Yes, there is research out there indicating that smaller class sizes are not necessarily better, but most I’ve seen compared classes of 24 with those of 18.  And results were mixed. Small classes make it easier to help too much–give the instructions three times, answer an unlimited number of questions, extend deadlines, etc. It becomes enabling. Small classes also make it easier to allow students to be creative and responsible.

There’s been less research on classes with 30 to 40 students, because there are rules against researchers harming their subjects.

Teaching methods must change as classes get larger. Projects take space; small group activities make noise. And 30 five-minute presentations would take nearly half-a-week of class time.

And verbalizing–converting thought into words–is one of the most important skills K-12 students must learn.

For students, large classes mean more listening and less doing.

For teachers,  they mean more grading and discipline and less creativity and fun.

And it saps teachers’ overall energy.  I used to feel I started each day with a big bag of motivation. I ‘d move among the students, dispensing a little here and there, downloading cup-loads where necessary–and even more late in the day when everyone was tired.

Secondary teachers have four to six classes. That means 120 to 200 greetings to give, voices to listen to, and names to remember. It’s hard to convince students that their progress matters to you if you can’t remember their names, plus a personal interest or two. (Kudos to those who teach large group activities–music and PE–and work with even more students.)

Teaching demands energy.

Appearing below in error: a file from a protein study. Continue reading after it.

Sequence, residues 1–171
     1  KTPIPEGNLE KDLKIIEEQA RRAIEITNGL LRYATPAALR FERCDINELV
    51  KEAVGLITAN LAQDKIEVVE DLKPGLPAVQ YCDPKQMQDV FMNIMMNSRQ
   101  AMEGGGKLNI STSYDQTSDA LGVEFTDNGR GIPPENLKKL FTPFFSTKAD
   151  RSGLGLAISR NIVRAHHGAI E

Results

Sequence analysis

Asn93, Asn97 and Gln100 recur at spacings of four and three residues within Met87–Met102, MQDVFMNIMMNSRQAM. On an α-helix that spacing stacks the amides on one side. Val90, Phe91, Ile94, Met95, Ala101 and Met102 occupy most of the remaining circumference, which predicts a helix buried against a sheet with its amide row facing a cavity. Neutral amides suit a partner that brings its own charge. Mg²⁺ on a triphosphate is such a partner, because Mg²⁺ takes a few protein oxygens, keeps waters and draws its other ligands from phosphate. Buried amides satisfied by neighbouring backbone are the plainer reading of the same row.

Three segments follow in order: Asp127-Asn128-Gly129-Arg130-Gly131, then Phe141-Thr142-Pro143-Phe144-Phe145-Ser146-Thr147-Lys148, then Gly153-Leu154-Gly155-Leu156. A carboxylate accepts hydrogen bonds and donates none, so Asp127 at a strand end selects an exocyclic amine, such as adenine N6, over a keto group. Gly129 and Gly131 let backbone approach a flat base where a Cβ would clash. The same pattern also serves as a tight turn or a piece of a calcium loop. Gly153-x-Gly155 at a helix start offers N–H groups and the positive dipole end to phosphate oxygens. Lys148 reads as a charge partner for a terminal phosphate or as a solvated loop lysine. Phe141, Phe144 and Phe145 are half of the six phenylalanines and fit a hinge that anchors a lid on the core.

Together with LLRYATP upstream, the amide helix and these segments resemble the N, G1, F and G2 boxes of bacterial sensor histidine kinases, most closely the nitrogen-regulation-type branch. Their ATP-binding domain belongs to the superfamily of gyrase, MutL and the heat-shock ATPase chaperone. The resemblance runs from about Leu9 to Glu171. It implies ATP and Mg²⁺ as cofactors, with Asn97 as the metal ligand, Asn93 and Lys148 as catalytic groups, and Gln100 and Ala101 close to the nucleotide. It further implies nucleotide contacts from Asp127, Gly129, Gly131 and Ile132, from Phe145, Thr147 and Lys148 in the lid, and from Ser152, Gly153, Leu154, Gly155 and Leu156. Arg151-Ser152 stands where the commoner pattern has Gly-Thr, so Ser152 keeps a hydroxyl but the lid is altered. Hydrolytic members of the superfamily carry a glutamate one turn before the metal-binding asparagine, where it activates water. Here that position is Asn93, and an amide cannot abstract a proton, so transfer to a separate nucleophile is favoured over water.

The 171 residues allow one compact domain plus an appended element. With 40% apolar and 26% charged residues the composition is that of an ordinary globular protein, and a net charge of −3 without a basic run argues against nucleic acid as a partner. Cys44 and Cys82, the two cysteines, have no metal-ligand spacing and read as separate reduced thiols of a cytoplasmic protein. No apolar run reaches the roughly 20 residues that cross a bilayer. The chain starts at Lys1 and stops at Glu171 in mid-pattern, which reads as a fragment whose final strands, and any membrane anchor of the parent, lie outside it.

Someone who says, “I’ve taught classes of 40 before and I’ll teach classes of 40 again,”  hasn’t a clue what it means to teach youngsters.

And this is what makes Devos’s statement so ridiculous.  A good teacher will leave a job because of large classes, not sign up for a higher salary.

If it becomes difficult or impossible to do the right things for students–the things teachers know they are capable of–they suffer burn out.

Good teachers are willing to forego luxuries to hear a kid say, “I understand this now,” and they use their own money to create a classroom where kids who once felt behind or disinterested gain the confidence to explain newly-learned concepts to others.

Not that pay isn’t important. Fewer college students choose to go into teaching once they know that teachers earn about 80 percent of what other college graduates do.

And teachers can only postpone having a family or getting a decent car or paying on that student loan so long.

But no one should have to give up doing their best teaching to get higher pay.

Maybe DeVos’s schools all had classes of 18?

Note this editorial by Judy Ferro published by Idaho Press – 2019

Legislature – Good & Bad News

With March in sight and budget bills ready, the legislature moved into high gear this week, making some people happy, some sad, and others both happy and sad.

The most cheering news was that a bipartisan majority managed to kill two bills aimed at  repealing Medicaid Expansion while they were still in the House Health and Welfare Committee.

Representatives Julianne Young and John Green both argued that voters just weren’t bright enough to be trusted with such an important decision.  Okay, according to reporter Nathan Brown, their phrasing was more politically correct–the voters were “misinformed.” I imagine them doing some hand-wringing as they told committee members that voters weren’t aware that the state would have to pay 10 percent of the cost and, possibly, more than 62,000 would be enrolling.

I can also imagine Gov. Brad Little gritting his teeth as the pair carried on as though his State of the State address had not included a plan for funding the expansion. (Talk about misinforming voters.)

And Green went so far as to claim legislators may ignore the voters because, “we’re a constitutional republic, not a democracy.”

Don’t forget the names: Julianne Young, John Green.  And add the three who voted with them: Mike Kingsley, Megan Blanksma, and Bryan Zollinger.

And be thankful for Chair Fred Wood–and the three Republicans and three Democrats who joined him in killing the bills.

Bills to add work requirements and lifetime limits to Medicaid expansion are in the works.  Other states have spent millions administering such restrictions; that spending is not budgeted.

Many are also happy that the bill to create a committee within the Idaho Department of Health and Welfare to review childbirth-related deaths passed the House last week.